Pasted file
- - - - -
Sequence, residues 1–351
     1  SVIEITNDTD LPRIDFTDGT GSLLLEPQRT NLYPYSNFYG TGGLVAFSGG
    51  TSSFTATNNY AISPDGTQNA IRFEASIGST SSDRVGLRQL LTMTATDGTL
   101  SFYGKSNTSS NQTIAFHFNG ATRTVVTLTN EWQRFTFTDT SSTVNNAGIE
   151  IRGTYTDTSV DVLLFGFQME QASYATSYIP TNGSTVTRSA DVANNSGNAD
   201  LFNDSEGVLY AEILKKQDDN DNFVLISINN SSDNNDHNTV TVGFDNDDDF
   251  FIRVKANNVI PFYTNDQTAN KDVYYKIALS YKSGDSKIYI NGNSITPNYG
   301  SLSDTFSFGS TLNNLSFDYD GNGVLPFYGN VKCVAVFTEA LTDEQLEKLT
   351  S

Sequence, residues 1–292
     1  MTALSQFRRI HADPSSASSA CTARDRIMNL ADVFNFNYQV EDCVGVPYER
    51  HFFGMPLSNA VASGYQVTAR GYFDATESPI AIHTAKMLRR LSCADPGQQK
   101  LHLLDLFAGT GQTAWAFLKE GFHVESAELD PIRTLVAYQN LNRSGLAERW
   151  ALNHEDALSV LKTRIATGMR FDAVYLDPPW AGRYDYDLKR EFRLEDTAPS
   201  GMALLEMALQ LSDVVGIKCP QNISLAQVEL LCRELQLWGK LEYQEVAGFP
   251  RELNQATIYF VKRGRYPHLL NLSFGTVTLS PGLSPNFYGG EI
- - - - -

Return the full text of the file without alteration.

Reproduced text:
Sequence, residues 1–351
     1  SVIEITNDTD LPRIDFTDGT GSLLLEPQRT NLYPYSNFYG TGGLVAFSGG
    51  TSSFTATNNY AISPDGTQNA IRFEASIGST SSDRVGLRQL LTMTATDGTL
   101  SFYGKSNTSS NQTIAFHFNG ATRTVVTLTN EWQRFTFTDT SSTVNNAGIE
   151  IRGTYTDTSV DVLLFGFQME QASYATSYIP TNGSTVTRSA DVANNSGNAD
   201  LFNDSEGVLY AEILKKQDDN DNFVLISINN SSDNNDHNTV TVGFDNDDDF
   251  FIRVKANNVI PFYTNDQTAN KDVYYKIALS YKSGDSKIYI NGNSITPNYG
   301  SLSDTFSFGS TLNNLSFDYD GNGVLPFYGN VKCVAVFTEA LTDEQLEKLT
   351  S

Sequence, residues 1–292
     1  MTALSQFRRI HADPSSASSA CTARDRIMNL ADVFNFNYQV EDCVGVPYER
    51  HFFGMPLSNA VASGYQVTAR GYFDATESPI AIHTAKMLRR LSCADPGQQK
   101  LHLLDLFAGT GQTAWAFLKE GFHVESAELD PIRTLVAYQN LNRSGLAERW
   151  ALNHEDALSV LKTRIATGMR FDAVYLDPPW AGRYDYDLKR EFRLEDTAPS
   201  GMALLEMALQ LSDVVGIKCP QNISLAQVEL LCRELQLWGK LEYQEVAGFP
   251  RELNQATIYF VKRGRYPHLL NLSFGTVTLS PGLSPNFYGG EI